Those rural counties can pitch themselves all they want – their quality of life, their broadband connections once there’s universal broadband, their low taxes rates, all that – but unless and until they pitch themselves to immigrants, they’re all fighting over a pie whose size is not really growing. Maybe some will get lucky, but simply from a marketing perspective, they’re only targeting part of the potential market. If a rural county wants new residents, does it really matter whether they come from New Jersey or New Delhi? Or, in this case, Kabul? (The correct answer, if anyone needs any help, is no, it does not.)
Now, I know what some of you are thinking, because they’re all reasonable thoughts. What would all these people do? And then: We’re a poor county. We can’t afford to take in a bunch of refugees.
It’s natural to think of newcomers – no matter where they’re from – as competitors, but that’s not the right way to look at this. One of the things rural Virginia needs to do is to expand its labor pool. Not many companies want to locate in a place where the labor pool is shrinking. That’s a harder sell to make because it’s more abstract, but simply because it’s abstract to the individual doesn’t mean it’s not concrete for some company evaluating its options.
The other thing is to get over the notion of immigrants, particularly the subset of refugees, as “poor, huddled masses.” A study by the Center for Immigration Studies in 2019 found that 26% of the Afghan refugees at the time had a bachelor’s degree. For context, the Center for Immigration Studies is generally regarded as an anti-immigration think tank (it prefers the term “low immigration”), but this particular statistic actually seems a pro-immigration argument. In all of Southside Virginia, not a single locality has a higher educational attainment than those Afghan refugees – Prince Edward County comes close at 24.9% but Prince Edward is also home to not one but two colleges. West of Radford, not a single locality ranks higher – Washington County comes closest at 23.4%. Even in the Roanoke Valley, Roanoke has a lower figure – with 23.2% of adults holding a bachelor’s degree or higher. Put another way, even an anti-immigration group concedes that Afghan refugees have been better educated than much of our present workforce. We’re spending a lot of time trying to figure out “talent attraction” – the Tobacco Commission has a program devoted to this, the Senate Finance Committee talked about it at its November retreat in Roanoke. Here is talent that arrived, literally out of the blue, and is sitting at a military base in Southside waiting to be resettled somewhere. I ask again: Why aren’t localities not lined up at the gates of Fort Pickett to pitch themselves? (Granted, we don’t know the exact demographic profile of those refugees, but there’s no reason to think they’d be much different than the Afghans who made it out before them.)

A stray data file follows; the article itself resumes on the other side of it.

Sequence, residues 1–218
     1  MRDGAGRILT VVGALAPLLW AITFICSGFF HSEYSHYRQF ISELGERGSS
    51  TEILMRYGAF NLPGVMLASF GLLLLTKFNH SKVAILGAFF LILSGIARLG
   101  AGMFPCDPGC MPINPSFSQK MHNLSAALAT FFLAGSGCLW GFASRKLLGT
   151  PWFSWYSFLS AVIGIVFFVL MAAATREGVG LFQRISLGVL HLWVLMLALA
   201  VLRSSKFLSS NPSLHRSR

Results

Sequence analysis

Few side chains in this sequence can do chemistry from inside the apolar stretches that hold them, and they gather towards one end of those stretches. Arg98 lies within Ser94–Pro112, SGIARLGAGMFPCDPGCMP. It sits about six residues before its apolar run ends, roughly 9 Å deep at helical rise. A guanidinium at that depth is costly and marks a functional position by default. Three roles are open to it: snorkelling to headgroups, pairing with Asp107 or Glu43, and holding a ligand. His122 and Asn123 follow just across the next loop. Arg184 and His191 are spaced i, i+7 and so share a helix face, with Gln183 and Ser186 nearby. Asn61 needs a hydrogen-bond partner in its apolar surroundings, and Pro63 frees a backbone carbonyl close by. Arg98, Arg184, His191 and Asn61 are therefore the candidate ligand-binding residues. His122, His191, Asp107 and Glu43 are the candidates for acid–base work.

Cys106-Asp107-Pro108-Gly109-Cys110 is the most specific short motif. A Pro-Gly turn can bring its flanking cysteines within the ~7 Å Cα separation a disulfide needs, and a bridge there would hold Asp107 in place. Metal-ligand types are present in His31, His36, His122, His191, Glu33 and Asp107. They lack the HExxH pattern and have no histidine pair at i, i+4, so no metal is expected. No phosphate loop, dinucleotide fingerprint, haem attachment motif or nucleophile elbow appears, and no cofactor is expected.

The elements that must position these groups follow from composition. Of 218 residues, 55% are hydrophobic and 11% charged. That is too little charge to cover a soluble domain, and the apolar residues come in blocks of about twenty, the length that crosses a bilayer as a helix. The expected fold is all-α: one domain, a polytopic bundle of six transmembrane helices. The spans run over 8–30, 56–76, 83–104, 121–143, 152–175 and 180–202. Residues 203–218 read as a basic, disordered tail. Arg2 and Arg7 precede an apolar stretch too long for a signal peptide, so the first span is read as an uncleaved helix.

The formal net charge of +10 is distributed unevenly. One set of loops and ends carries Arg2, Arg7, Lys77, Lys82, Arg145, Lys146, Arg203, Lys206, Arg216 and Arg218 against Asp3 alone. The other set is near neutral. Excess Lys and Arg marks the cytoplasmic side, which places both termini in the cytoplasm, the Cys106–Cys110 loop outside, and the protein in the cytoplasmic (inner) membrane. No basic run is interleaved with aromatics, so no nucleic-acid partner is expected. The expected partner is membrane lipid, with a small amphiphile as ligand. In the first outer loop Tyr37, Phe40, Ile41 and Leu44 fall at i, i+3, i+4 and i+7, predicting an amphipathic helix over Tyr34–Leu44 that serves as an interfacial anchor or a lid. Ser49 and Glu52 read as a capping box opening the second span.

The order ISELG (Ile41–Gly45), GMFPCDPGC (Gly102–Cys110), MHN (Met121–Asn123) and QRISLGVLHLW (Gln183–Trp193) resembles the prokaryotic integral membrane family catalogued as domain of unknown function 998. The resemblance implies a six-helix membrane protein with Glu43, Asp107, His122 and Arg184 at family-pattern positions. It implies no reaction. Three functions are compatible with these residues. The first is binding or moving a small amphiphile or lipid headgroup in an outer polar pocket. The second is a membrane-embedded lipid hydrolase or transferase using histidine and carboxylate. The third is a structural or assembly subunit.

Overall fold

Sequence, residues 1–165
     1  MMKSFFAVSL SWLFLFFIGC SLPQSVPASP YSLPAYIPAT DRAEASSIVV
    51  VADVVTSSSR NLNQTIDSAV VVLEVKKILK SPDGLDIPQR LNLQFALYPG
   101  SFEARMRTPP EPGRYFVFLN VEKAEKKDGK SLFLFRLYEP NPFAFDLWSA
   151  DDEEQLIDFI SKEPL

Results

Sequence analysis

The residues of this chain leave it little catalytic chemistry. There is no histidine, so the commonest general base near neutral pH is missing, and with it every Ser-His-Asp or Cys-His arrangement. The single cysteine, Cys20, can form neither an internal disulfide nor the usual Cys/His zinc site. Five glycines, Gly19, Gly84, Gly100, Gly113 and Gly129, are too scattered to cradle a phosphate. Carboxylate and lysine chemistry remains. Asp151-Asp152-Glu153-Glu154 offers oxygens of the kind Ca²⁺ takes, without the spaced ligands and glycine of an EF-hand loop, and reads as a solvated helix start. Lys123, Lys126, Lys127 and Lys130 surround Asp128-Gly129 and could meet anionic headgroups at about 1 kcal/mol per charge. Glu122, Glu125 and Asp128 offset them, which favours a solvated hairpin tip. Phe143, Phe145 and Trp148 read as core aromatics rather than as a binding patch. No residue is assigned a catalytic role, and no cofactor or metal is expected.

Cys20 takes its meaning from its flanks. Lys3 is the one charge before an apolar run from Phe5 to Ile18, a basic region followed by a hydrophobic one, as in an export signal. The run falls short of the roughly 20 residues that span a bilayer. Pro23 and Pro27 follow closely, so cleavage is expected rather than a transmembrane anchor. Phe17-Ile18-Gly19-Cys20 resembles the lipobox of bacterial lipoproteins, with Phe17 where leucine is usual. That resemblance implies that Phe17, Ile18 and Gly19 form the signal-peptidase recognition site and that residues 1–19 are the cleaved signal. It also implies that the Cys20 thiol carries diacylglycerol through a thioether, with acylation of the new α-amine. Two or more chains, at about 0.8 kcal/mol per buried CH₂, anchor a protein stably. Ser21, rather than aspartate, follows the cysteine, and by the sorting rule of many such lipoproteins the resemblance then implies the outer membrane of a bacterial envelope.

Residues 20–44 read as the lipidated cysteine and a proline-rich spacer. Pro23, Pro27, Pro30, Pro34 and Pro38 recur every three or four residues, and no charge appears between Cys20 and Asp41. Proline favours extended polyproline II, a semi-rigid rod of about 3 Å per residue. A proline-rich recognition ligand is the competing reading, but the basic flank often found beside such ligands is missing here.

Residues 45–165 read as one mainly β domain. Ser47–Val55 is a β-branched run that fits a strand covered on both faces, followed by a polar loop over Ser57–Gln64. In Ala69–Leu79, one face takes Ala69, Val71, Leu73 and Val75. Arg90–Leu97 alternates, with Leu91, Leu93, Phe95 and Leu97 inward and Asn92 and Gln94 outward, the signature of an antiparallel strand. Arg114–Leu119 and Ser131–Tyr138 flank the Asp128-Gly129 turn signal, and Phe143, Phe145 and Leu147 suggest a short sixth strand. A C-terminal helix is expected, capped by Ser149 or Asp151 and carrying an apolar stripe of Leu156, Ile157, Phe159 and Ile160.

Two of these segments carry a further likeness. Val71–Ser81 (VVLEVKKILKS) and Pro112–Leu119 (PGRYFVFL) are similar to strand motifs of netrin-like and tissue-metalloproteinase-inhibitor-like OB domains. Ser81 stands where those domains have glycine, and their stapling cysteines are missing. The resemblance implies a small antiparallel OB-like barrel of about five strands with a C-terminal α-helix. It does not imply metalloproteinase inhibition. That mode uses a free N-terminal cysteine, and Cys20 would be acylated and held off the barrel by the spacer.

A quick search of headlines easily turned up these stories:
“UD welcomes Afghan students,” says the University of Delaware’s website in announcing that 56 Afghan students will enroll there.
“Afghan refugees to continue education at Arizona State next semester” – 64 of them, according to Phoenix TV station KTVK.